Seoul Virus

What is Seoul Virus Infection?

Seoul virus is a type of hantavirus. Some people who develop the virus do not have symptoms at all or have very mild symptoms. However, some will develop a form of hemorrhagic fever with renal syndrome (HFRS) with death in approximately 1-2% of cases (1-2 in 100).

Where is it found and how does it spread?

Seoul virus is found worldwide. It is carried and spread by rodents, specifically the brown (Norway) rat. The virus has been found in both pet rats and wild rat populations around the world.

Seoul virus is not known to spread from person to person.

How do people get infected with Seoul virus?

Infection can occur after coming into contact with the urine, droppings or saliva of infected rodents. When fresh rodent urine, droppings or nesting materials are stirred up (for example, when vacuuming or sweeping), tiny particles containing the virus get into the air. Infection occurs when breathing in these contaminated materials. Infection can also occur when urine or other infected materials get directly into broken skin through a cut, or into the eyes, nose or mouth. In addition, people who work with live rodents can get the Seoul virus through bites from infected animals.

What are the symptoms?

  • Fever
  • Headache
  • Back and abdominal pain
  • Chills
  • Nausea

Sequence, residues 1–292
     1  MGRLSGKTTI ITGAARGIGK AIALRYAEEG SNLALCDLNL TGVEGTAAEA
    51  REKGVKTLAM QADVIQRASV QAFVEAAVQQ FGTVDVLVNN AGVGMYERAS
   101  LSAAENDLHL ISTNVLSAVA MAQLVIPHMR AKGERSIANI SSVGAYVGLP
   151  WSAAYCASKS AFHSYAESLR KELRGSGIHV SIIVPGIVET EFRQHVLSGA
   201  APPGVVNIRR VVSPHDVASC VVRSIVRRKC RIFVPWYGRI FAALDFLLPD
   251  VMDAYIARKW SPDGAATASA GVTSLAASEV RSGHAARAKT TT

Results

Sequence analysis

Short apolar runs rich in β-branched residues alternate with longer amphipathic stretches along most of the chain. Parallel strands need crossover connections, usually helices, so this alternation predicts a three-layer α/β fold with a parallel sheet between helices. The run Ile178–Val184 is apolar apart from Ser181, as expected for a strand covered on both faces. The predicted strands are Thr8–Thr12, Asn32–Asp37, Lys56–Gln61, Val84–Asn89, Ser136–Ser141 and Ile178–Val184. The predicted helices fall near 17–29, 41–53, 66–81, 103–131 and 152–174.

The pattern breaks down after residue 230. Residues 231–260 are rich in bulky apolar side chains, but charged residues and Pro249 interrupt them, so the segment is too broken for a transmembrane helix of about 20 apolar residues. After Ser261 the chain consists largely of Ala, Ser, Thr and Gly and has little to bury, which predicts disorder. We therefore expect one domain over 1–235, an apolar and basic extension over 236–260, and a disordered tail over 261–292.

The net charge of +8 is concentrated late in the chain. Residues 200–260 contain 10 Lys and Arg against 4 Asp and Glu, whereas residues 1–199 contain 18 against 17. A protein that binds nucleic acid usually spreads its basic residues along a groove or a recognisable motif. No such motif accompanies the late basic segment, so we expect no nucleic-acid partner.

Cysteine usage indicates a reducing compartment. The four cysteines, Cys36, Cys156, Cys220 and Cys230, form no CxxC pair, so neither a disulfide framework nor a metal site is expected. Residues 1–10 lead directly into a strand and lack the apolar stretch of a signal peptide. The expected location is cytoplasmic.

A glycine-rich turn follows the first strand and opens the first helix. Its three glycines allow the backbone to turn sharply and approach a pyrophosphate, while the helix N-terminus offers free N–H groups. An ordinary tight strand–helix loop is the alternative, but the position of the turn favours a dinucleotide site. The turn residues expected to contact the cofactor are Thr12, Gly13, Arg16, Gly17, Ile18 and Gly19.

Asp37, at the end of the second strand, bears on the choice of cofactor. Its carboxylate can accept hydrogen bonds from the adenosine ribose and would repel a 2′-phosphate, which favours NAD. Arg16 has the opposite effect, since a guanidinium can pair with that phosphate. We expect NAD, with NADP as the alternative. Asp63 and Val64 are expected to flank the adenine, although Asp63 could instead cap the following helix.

• Blurred vision
  • Flushing of the face
  • Inflammation or redness of the eyes
  • Rash
Some people do not develop symptoms at all or have very mild symptoms. Those who develop symptoms will usually experience them within 1-2 weeks after contact with infectious material. In rare cases, it may take up to 8 weeks to develop symptoms.

How is it diagnosed?

Laboratory tests of blood and body tissues are used to confirm a diagnosis. If you are concerned that you have been infected with Seoul virus, contact your physician.

How is it prevented? 

Rodent control is key for preventing Seoul virus. Take precautions to keep rodents out of dwellings and other places where people gather. Avoid contact with rodent urine, droppings, saliva, and nesting materials. When it is necessary to clean up after rodents, use these precautions.

How do rats get infected?

Seoul virus is shed in the urine, feces, and saliva of recently infected rats. Rats can become infected through wounding or biting other rats and after coming in contact with the urine and feces of infected rats.

How do I know if my pet rat is infected with Seoul virus? 

Rats do not show symptoms of Seoul virus. Rats that may have come from a facility where Seoul virus has been confirmed can be tested. Once infected, rats can continue to shed the virus throughout their lives, potentially infecting both other rats and humans.


Multi-State Outbreak of Seoul Virus